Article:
Inside the Artist's Studio

How do you keep the spirit of the artist alive in your studio museum?

The occasional series 'Inside the Artist's Studio' asks curators from across the Artist's Studio Museum Network how they approach challenges specific to curating the studio museum. We have already heard from Yuliya Kudryavtseva, Head of the Korin Art Research Department at the Tretyakov Gallery, Moscow. Today, Troels Malthe Borch, Curator at the Østfyns Museer, Denmark, provides his response.

An authentic, unaltered artist home or studio (such as the Johannes Larsen Museum, Denmark) holds the risk of presenting the artist and his studio as a closed unity, ignoring the fact that you cannot preserve the changing character of a home or studio through decades of the life and work of an artist. Also the inspiration and influence coming from current trends of the time, other artists, and so on, risks being ignored.

Without the possibility of broadening the picture, an artist's studio museum risks emphasizing the singularity of the artist, forgetting that he or she was part of a certain time and a history, that to a very high degree contributed to the scene, the topics, the style and many more aspects of their art and life.

History of the Johannes Larsen Museum, Denmark

The Danish painter Johannes Larsen died in 1961, and the home and studios of Johannes and Alhed Larsen in Kerteminde have been open to the public for 30 years. The daughter-in-law of Johannes Larsen lived in the house until her death in 1984 without making many changes. Since then, the rooms have to a large extent been maintained as they were when the family left the houses - or they have, in some cases, been re-established in cooperation with family members or other witnesses to the past, and with the help of photos and paintings. Thus the home and studio now present an authentic glimpse of the life and world of Johannes and Alhed Larsen.

The interior of the Johannes Larsen Museum, Denmark. Photo: Jens Frederiksen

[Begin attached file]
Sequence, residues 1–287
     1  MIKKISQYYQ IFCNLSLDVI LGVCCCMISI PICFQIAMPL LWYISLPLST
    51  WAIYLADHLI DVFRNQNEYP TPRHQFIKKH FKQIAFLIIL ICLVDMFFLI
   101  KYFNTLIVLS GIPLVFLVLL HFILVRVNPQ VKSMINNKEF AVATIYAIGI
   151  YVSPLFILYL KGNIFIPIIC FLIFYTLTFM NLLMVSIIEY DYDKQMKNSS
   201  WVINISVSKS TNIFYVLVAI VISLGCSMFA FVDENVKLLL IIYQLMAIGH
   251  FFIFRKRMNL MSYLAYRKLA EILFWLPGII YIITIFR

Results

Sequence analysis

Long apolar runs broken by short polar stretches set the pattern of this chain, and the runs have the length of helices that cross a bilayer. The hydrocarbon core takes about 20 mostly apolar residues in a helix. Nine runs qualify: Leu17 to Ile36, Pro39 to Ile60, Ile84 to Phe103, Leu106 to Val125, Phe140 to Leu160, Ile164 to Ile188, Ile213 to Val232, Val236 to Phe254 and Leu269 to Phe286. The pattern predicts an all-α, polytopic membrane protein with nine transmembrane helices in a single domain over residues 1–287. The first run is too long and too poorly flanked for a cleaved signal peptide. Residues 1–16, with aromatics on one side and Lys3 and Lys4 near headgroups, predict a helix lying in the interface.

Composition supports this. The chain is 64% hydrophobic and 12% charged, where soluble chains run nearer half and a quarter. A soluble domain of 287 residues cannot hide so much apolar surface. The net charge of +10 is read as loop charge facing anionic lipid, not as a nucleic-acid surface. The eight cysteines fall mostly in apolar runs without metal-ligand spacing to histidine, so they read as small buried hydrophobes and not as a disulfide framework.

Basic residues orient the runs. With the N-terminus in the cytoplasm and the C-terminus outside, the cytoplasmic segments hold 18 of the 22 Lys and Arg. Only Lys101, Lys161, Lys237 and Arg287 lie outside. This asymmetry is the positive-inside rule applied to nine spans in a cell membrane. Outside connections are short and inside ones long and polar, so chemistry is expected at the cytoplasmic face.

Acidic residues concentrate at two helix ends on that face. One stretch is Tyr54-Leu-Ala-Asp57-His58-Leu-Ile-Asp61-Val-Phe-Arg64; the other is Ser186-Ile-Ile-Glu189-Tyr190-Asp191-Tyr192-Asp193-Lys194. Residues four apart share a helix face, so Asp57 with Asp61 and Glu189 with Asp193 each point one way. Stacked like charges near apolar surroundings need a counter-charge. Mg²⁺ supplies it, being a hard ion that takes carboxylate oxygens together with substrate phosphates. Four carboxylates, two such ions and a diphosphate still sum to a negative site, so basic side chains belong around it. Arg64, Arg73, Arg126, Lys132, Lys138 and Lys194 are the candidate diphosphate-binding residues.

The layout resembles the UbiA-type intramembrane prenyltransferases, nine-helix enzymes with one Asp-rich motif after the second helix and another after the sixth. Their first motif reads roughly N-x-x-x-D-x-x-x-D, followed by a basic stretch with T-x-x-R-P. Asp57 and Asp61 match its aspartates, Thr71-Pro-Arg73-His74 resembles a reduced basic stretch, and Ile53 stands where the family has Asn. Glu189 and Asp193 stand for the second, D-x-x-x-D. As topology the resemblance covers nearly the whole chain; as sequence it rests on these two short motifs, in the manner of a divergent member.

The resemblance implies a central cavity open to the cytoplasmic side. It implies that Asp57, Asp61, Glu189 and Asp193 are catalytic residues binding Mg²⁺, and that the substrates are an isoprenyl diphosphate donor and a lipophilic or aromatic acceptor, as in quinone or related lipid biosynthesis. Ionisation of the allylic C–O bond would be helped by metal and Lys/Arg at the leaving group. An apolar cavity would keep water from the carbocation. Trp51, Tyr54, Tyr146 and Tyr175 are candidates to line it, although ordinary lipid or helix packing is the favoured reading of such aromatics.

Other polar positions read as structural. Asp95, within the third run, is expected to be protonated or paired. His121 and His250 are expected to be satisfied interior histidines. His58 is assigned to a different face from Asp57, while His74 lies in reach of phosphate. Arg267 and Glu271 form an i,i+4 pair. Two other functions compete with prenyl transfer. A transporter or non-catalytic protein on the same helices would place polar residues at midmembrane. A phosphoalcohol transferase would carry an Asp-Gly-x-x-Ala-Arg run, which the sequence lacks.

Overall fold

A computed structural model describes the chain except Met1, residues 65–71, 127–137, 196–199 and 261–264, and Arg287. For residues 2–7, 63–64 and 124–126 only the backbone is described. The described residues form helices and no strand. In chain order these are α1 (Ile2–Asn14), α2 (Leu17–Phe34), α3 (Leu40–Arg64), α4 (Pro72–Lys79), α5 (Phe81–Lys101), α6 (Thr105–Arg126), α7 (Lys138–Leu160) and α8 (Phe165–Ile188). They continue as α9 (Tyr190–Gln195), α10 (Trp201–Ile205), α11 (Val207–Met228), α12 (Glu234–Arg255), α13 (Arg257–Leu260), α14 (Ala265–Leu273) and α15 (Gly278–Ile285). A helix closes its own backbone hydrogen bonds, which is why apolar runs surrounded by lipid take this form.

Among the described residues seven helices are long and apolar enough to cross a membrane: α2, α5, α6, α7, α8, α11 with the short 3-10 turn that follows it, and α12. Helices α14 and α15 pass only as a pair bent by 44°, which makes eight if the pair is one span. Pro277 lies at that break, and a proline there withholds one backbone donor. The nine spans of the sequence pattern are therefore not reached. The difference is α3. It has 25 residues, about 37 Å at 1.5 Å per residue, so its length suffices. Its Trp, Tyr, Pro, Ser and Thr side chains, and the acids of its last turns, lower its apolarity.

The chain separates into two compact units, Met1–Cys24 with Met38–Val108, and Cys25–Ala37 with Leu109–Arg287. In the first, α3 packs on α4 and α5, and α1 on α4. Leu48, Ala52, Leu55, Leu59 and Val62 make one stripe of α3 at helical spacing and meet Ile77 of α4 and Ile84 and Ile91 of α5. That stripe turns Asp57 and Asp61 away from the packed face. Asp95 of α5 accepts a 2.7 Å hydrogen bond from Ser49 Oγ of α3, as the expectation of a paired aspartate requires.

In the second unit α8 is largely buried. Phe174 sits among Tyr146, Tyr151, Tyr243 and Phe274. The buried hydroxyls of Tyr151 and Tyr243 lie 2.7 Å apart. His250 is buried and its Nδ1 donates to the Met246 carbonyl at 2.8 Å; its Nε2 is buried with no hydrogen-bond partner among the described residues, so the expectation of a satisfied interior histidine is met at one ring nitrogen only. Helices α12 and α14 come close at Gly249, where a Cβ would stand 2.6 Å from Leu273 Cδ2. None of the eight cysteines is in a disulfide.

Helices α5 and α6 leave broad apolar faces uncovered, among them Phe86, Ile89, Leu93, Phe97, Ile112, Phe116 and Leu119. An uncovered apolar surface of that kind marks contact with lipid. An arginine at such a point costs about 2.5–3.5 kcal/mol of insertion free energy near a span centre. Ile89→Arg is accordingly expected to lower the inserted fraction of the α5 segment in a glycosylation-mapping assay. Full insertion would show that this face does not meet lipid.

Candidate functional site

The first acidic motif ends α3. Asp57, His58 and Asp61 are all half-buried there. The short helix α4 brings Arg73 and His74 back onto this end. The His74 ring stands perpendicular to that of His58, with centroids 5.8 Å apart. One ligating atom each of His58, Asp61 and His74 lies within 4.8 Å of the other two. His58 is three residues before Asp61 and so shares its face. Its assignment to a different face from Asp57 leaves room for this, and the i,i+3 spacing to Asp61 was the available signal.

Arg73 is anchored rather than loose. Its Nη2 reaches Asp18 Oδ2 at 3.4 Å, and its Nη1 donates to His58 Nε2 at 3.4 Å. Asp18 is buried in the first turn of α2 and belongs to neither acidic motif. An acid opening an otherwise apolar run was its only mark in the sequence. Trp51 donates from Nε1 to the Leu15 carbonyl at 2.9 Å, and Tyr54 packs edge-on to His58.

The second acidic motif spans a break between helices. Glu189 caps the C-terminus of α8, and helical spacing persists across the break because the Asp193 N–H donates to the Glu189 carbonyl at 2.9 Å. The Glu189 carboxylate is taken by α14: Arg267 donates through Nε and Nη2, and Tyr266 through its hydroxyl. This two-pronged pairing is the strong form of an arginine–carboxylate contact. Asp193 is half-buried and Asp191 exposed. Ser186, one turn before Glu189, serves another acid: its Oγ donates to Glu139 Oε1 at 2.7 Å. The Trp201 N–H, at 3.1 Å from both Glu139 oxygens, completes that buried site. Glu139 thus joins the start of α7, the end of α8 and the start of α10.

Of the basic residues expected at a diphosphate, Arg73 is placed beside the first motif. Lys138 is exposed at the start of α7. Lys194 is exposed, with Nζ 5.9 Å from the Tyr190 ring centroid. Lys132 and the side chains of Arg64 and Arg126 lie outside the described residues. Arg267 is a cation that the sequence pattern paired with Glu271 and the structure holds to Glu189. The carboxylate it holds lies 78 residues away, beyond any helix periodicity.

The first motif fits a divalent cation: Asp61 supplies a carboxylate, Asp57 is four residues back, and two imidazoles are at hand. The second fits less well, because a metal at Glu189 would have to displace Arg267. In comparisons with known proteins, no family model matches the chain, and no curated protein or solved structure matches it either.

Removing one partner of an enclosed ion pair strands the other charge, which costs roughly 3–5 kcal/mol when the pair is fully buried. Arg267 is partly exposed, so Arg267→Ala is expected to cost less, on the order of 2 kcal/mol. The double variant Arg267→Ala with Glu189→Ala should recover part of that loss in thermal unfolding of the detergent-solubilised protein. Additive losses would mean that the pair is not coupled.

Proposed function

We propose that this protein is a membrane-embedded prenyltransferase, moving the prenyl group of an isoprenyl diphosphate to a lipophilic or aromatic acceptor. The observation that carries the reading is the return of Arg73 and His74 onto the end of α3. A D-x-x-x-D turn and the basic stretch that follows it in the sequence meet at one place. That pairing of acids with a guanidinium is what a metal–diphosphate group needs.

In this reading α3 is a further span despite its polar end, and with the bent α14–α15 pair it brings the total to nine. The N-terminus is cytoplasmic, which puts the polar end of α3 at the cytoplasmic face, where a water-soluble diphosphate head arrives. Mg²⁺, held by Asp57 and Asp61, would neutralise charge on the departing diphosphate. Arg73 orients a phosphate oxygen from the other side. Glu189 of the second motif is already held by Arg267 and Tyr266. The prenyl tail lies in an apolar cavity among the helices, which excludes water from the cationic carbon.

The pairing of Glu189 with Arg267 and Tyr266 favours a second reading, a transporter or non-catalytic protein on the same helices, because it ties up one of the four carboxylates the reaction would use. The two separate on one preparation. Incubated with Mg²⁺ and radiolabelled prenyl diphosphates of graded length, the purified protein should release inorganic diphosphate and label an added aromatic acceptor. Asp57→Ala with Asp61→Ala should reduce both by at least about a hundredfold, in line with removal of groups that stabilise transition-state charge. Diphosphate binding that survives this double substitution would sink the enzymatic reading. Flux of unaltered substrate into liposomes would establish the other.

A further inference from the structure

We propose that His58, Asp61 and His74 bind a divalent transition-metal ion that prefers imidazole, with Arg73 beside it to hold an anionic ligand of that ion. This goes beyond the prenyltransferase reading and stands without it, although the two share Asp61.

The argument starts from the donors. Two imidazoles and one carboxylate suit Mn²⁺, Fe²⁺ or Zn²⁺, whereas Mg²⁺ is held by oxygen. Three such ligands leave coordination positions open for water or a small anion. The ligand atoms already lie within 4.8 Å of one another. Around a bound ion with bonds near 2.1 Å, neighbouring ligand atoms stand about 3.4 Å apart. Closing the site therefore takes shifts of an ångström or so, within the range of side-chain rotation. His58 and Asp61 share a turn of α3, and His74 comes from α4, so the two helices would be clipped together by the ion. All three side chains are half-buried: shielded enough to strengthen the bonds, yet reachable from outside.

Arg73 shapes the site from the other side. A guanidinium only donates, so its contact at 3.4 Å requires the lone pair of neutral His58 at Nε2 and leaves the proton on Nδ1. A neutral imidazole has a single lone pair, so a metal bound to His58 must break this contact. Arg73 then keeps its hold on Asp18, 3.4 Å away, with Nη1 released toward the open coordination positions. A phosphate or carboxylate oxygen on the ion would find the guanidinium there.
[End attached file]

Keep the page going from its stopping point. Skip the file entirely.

At the Johannes Larsen Museum we aim to offer the public the impression that they are guests in a living home of an artist, not visitors to a museum. Except for a few locked doors, the visitors are free to go where they like. Signs are reduced to a minimum, but visitors can carry around with them an information sheet with a list of the paintings, corresponding to discreet numbers next to each painting on the walls. All year round flowers and leaves from the garden are brought in and placed in vases on tables and windowsills, thereby adding to the impression of a living home. Volunteers at the museum take the role of hosts and hostesses of the house, welcoming the museum guests and introducing them to the place.

Through visitor surveys and extensive responses from our guests we know that a visit to the home and studio of Johannes Larsen and his wife has a great emotional impact, which draws a high degree of attention and interest from the individual guests. But it does not necessarily create an understanding of the complex context of the life and art of Johannes and Alhed Larsen.

Therefore the home and studio do not stand alone at the Johannes Larsen Museum, as the museum site is enhanced with an extensive exhibition building providing additional perspective.

A purpose-built exhibition space

Already in 1990 a building for the art collection and temporary exhibitions had been constructed next to the house. In 2001 this was extended to provide even more space for exhibitions that would put the art of Johannes Larsen into a broader context – comparing him both with other contemporary painters, and with artists from other periods and schools who had a comparable interest in nature.

By having a separate building with a collection that puts Larsen's art in perspective, as well as a programme of temporary exhibitions focusing on a variety of different issues, the Johannes Larsen Museum avoids the risk of limiting the art of Larsen to a closed unity. Instead it facilitates the interpretation of the multifaceted aspects of the artist's life and work.

Inside the Artist's Studio

This blog is part of a series. We asked curators from studio museums across Europe to respond to the question 'How do you keep the artist's spirit alive in a studio museum?'.

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